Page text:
New Mobile Apps Rating System for Kids
By Danica Mathes
A new age-based ratings system for mobile software applications for children launched on November 29, 2011. The rating system is governed by a new partnership between the Entertainment Software Ratings Board (ESRB) and CTIA-The Wireless Association®.
The CTIA Mobile Application Rating System with ESRB
The CTIA Mobile Application Rating System with ESRB is an extension of CTIA’s 2010 Guidelines for Application Content Classification and Ratings, which was developed with a number of organizations, including the six founding storefronts. The goal of the initiative is to support the commitment to provide consumers with the information and tools they need to make informed choices when accessing applications using wireless devices, such as reliable information about the age-appropriateness of applications.
The system will utilize familiar age-rating icons that ESRB introduced for computer and video games in 1994. Apps will fall into six categories: EC for Early Childhood (3 and older), E for Everyone (6 and older), E10+ for Everyone 10+, T for Teen (13 and older), M for Mature (17 and older), and AO for Adults Only (18 and older).
As of the program launch, six mobile app storefronts (AT&T, Microsoft, Sprint, T-Mobile USA, U.S. Cellular and Verizon Wireless) have signed on to voluntarily support the ratings system as part of their application submission (or onboarding) process. Currently, Apple and Google have their own app rating systems and are not participating in the CTIA-ESRB program. The new rating system is currently operational. However, as technologies and buildout schedules differ by each storefront, full implementation will vary. Each storefront will make its own announcement regarding when the rating system will be available for their customers.
Once a storefront begins supporting the CTIA Mobile Application Rating System as part of its onboarding process, developers will be asked to rate new applications added to that storefront. Each storefront will decide on an individual basis whether to require all applications to be rated and
if certain categories of applications, such as news or e-readers, will be exempt from the rating system.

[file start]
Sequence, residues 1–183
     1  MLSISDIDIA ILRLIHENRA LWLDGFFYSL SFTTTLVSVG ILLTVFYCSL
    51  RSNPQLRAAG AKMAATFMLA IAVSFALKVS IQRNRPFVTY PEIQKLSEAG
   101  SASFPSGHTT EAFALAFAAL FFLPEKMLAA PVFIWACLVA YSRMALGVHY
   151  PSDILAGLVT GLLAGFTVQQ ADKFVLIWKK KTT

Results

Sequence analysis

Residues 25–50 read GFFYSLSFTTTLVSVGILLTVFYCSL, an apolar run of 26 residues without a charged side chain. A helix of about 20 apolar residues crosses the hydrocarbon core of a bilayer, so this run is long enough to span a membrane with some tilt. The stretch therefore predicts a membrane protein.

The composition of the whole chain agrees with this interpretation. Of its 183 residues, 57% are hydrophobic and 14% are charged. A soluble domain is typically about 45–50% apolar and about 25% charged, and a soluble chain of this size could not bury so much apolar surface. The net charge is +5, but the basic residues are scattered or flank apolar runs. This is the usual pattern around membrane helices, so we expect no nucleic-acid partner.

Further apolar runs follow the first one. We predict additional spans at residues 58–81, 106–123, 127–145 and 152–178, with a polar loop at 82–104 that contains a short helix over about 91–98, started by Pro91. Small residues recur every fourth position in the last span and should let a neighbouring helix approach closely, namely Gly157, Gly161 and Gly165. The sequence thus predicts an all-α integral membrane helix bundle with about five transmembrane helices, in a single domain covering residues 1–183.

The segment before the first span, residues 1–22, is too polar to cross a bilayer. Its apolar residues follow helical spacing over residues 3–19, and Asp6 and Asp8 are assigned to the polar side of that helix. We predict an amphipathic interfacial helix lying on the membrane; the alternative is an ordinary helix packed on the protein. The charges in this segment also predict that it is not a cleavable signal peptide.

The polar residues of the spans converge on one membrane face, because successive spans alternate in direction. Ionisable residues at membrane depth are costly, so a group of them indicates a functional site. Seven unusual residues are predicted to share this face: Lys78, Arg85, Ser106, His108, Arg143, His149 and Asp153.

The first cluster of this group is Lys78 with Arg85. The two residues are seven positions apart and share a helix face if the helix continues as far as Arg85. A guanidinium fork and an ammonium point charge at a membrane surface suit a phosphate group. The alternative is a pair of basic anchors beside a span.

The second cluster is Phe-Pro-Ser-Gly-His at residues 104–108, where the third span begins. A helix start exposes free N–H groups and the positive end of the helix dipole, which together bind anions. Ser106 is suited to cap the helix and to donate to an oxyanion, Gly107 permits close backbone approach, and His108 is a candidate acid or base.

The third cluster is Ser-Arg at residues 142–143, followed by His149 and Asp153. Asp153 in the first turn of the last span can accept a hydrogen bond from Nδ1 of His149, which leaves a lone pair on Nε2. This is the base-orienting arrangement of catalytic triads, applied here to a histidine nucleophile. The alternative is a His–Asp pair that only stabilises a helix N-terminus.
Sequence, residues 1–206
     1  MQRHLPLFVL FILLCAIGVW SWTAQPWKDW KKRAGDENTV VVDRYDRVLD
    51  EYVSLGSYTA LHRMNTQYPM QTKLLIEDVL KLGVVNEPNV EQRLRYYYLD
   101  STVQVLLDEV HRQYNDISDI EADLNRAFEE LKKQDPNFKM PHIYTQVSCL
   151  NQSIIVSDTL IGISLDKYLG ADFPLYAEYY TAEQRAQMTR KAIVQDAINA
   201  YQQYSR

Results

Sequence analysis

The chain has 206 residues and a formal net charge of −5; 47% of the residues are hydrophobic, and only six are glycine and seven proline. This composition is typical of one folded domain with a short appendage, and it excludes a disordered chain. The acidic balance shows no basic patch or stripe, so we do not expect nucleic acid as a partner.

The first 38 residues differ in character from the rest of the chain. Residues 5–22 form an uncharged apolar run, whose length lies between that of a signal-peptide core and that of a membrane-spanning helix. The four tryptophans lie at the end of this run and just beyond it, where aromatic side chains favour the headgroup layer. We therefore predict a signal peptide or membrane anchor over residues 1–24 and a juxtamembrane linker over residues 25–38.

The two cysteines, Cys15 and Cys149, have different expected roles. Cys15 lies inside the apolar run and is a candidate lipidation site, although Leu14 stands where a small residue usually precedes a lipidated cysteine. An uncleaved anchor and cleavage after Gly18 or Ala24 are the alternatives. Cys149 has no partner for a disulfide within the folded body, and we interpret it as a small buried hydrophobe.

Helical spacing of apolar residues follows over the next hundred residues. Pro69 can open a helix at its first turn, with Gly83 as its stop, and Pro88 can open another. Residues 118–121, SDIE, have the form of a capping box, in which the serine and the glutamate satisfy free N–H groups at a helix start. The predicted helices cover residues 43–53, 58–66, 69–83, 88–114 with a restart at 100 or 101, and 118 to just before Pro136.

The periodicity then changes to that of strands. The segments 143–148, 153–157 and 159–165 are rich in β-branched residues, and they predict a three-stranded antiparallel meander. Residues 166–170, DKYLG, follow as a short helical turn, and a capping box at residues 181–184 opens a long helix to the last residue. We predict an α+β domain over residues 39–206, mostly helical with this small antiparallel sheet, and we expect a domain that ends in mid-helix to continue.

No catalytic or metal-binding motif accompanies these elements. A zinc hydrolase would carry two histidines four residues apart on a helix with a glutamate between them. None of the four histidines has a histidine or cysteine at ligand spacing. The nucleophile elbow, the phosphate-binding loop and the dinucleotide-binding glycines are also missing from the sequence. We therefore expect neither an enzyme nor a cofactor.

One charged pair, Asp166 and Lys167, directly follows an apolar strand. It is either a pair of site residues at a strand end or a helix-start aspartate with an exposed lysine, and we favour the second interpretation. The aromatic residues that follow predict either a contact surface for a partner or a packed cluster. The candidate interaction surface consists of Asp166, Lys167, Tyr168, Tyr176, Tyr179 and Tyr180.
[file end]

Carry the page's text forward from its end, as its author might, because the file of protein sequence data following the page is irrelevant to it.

App Developer Submission Process
When submitting their applications to participating storefronts, developers will be asked to complete a detailed yet quick multiple choice form about their application’s content. This online questionnaire was devised by ESRB (based on its experience of assigning content ratings for more than 17 years) and covers the content areas that are typically addressed by age ratings, including violence, sexual or suggestive content, nudity, language, substances, etc., as well as contextual elements such as setting (fantasy vs. realistic), the nature of depictions (stylized vs. photo-realistic) and
the user’s perspective (up close vs. distant). Other elements are also taken into consideration, such as a minimum age requirement, the exchange of user-generated content, the sharing of a user’s location with other users of the application and the collection and sharing of personal information with third parties.
Developers submitting applications with an 18+ age requirement must further specify the reason for the requirement. Any answer other than enables commercial transactions” will generate an Adults Only (AO) rating. However, even those applications may be eligible for a less restrictive rating than Adults Only if, for example, they provide controls allowing an account-holder to block access to sexually explicit content.
Once the developer completes all answers to these questions, the application’s rating will be provided within seconds. If a developer has answered all questions fully but still believes the rating assigned is not appropriate, they may appeal the rating to the ESRB. Consumers are also encouraged to contact ESRB if they believe an app contains questionable content or the rating is not appropriate. If an inappropriate rating
is found to have been assigned, ESRB will promptly adjust the rating and will notify the developer and the storefront(s) that have the application to ensure consumers have reliable information.
There is no charge to submit an application or obtain a rating. Furthermore, applications that have already been rated by one participating storefront will not need to be resubmitted. When a developer submits an application, it will be assigned a unique rating certification code that can be used when the application is subsequently submitted to another participating storefront.
Ratings do not have an expiration date or a renewal requirement. However, if subsequent updates to an app modify its content in a way that may affect its rating, it should be resubmitted.
As mobile apps are a huge segment of the entertainment and technology industries, this new age-rating system should be of crucial interest to app developers and consumers alike.
Danica L. Mathes, of counsel with Bell Nunnally & Martin LLP, handles intellectual property, new media and entertainment matters. She can be reached at firstname.lastname@example.org.